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Hatch Unhappy With Reno Over Clinton, Gore Probes

By Roberto Suro and George Lardner Jr.
Washington Post Staff Writers
Saturday, October 11, 1997; Page A06

The Justice Department has inquiries underway to determine whether Clinton and Gore may have violated a law prohibiting campaign fund-raising on federal property by soliciting money from their White House offices. Deciding how to apply the law has become a major issue in the inquiries because no one has ever been charged with a crime under these circumstances.

White House officials have cited the absence of any prior prosecutions as one of several reasons that Reno should go no further with the inquiries. Reno could seek the appointment of an independent counsel if she finds there is enough suspicion of a crime to merit full-scale investigation.

Hatch said in his letter that he would not dismiss the argument that Clinton and Gore were, at most, guilty of "technical violations" of the law, which usually are not prosecuted.

"Such discretion may indeed be appropriate, to the extent it has been and would be similarly exercised in other cases," Hatch wrote to Reno. "Given the obvious conflict of interest, however, it should be an independent counsel, and not you, who exercises such discretion."

Reno took a major step in the independent counsel process last Friday when she opened a preliminary investigation into Gore's calls, citing both unanswered questions of fact and unresolved legal issues. She must decide by Wednesday whether to open a similar investigation of Clinton. At any point, Reno could seek an independent counsel simply on the basis that further investigation is needed to resolve the legal issues.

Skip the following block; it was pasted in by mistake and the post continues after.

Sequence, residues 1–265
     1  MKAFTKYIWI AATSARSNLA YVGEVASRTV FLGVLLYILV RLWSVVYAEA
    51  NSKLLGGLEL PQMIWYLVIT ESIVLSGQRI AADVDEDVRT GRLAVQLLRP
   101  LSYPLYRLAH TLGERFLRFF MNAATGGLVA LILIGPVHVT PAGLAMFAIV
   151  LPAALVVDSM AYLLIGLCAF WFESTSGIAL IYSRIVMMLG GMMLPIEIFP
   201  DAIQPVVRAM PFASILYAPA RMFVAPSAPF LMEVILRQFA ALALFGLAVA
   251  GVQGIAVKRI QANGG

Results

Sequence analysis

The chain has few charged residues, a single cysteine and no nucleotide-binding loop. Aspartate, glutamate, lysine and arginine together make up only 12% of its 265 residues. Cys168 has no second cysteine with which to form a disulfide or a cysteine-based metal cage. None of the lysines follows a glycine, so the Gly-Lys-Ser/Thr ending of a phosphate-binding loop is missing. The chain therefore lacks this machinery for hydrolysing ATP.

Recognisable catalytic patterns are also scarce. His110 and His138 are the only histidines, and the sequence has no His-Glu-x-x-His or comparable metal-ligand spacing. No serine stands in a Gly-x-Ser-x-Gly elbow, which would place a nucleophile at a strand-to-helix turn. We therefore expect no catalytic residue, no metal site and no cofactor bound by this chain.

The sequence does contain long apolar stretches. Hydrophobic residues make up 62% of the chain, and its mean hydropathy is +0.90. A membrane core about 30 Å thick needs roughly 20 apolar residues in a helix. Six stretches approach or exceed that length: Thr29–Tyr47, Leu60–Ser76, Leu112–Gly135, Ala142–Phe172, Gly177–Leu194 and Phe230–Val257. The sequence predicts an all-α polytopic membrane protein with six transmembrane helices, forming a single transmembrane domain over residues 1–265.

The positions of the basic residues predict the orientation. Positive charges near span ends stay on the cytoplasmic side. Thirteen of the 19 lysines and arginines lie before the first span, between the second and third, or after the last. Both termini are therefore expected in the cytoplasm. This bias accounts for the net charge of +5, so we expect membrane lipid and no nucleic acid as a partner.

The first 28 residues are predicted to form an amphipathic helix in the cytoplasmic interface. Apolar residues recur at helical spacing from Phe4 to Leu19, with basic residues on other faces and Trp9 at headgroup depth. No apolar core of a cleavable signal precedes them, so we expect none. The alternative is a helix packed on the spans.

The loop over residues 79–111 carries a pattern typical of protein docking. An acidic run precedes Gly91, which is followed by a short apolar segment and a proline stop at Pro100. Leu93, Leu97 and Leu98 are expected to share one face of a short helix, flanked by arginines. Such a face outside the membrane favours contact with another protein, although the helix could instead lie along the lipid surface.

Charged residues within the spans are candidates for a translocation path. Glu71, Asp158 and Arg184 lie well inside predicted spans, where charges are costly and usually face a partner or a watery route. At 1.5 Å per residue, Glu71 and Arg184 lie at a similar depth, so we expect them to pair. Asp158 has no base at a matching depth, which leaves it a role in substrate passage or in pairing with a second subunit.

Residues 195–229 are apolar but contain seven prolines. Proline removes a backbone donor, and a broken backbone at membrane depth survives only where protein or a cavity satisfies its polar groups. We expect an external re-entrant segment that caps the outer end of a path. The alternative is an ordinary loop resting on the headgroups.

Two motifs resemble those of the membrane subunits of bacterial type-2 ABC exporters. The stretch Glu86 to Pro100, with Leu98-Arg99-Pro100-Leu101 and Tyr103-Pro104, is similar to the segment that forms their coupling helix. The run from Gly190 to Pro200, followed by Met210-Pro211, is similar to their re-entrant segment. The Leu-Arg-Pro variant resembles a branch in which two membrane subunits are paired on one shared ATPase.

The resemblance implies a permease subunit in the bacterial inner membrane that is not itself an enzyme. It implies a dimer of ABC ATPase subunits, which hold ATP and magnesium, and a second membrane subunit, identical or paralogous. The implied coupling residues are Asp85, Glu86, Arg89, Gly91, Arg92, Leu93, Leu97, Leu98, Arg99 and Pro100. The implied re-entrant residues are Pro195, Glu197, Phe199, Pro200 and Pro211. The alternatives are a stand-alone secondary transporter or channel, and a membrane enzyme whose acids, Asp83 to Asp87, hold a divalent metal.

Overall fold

"Every single investigation and prosecution the Justice Department does involves prosecutorial discretion, and the Independent Counsel Act was simply not designed to eliminate that factor," said Bert Brandenburg, the Justice Department spokesman. "Otherwise, we would close for business and send every case to an independent counsel."

Hatch's letter was an angry complaint over what he sees as the tardiness and inadequacy of Reno's response to questions he posed to her during an oversight hearing April 30. Reno replied this week.

One of Hatch's questions sought a listing of all prosecutions for soliciting campaign funds from federal property. Reno replied: "Our case records are not readily searchable for information of the sort you have requested."

Hatch noted that it has been a year since controversy over fund-raising at the White House first developed and nearly seven months since the Judiciary Committee sought a statement of Justice Department policy. He complained that Reno "inexplicably and inexcusably" had failed to answer the committee's query.

Meanwhile, the White House said yesterday that it hoped to turn over the remaining videotapes of President Clinton's White House political events by Tuesday. The belated production of 44 such tapes last weekend produced loud protests from Reno and congressional Republicans.

© Copyright 1997 The Associated Press

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